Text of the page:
Making We the People

Making We the People : Democratic Constitutional Founding in Postwar Japan and South Korea

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Description

What does it mean to say that it is 'We the People' who 'ordain and establish' a constitution? Who are those sovereign people, and how can they do so? Interweaving history and theory, constitutional scholar Chaihark Hahm and political theorist Sung Ho Kim attempt to answer these perennial questions by revisiting the constitutional politics of postwar Japan and Korea. Together, these experiences demonstrate the infeasibility of the conventional assumption that there is a clearly bounded sovereign 'people' prior to constitution-making that stands apart from both outside influence and troubled historical legacies. The authors argue that 'We the People' only emerges through a deeply transformative politics of constitutional founding and, as such, a democratic constitution and its putative author are mutually constitutive. Highly original and genuinely multidisciplinary, this book will be of interest to democratic theorists and scholars of comparative constitutionalism as well as observers of ongoing constitutional debates in Japan and Korea.show more

Product details

  • Electronic book text
  • CAMBRIDGE UNIVERSITY PRESS
  • Cambridge University Press (Virtual Publishing)
  • Cambridge, United Kingdom
  • 1139088483
  • 9781139088480

Table of contents

Introduction; 1. The unbearable lightness of the people; 2. War and peace; 3. The ghost of empire past; 4. A room of one's own; Conclusion.show more

Review quote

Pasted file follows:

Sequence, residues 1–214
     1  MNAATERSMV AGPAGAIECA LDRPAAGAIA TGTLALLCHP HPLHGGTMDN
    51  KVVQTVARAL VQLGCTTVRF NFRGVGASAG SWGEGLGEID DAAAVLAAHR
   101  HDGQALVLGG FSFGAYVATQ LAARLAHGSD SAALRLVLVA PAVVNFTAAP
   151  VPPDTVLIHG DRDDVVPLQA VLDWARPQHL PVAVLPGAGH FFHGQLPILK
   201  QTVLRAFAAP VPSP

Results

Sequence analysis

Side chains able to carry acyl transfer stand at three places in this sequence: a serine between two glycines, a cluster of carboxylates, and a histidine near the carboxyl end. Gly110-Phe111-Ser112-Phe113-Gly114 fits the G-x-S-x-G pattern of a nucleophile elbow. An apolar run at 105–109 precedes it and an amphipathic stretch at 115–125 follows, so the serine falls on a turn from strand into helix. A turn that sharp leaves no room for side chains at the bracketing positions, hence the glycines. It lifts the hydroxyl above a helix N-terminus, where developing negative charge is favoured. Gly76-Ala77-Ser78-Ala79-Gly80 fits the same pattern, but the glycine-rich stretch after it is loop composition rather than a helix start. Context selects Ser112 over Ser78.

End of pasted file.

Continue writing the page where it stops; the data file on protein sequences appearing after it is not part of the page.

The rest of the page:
'Hahm and Kim's extraordinary intellectual achievement provides rare illumination of the crucial and deeply misunderstood concept of popular sovereignty. Their learned, elegant, and searching analysis should be an enduring part of the conversation that must be conducted if we are to make sense of our common constitutional predicament.' Gary J. Jacobsohn, H. Malcolm Macdonald Professor of Constitutional and Comparative Law, University of Texas, Austin 'The simultaneous writing of constitutions in twentieth-century Japan and Korea, two countries under heavy American influence, makes an obvious candidate for comparative study yet no such work has been undertaken until now. In Making We the People, Hahm and Kim have dug deeply into both histories and their global context, offering a nuanced and thoughtful account.' Andrew Gordon, Lee and Juliet Folger Fund Professor of History, Harvard University 'Hahm and Kim persuasively argue that we can only discover who 'We the People' named in a constitution are by adopting a broader spatial and temporal lens ... that considers external influences, creative uses of the past, and shifting definitions of peoplehood. Making We the People thus contributes significantly to comparative constitutional studies, East Asian studies, and scholarship on nation building and democratic theory.' Celeste L. Arrington, Pacific Affairsshow more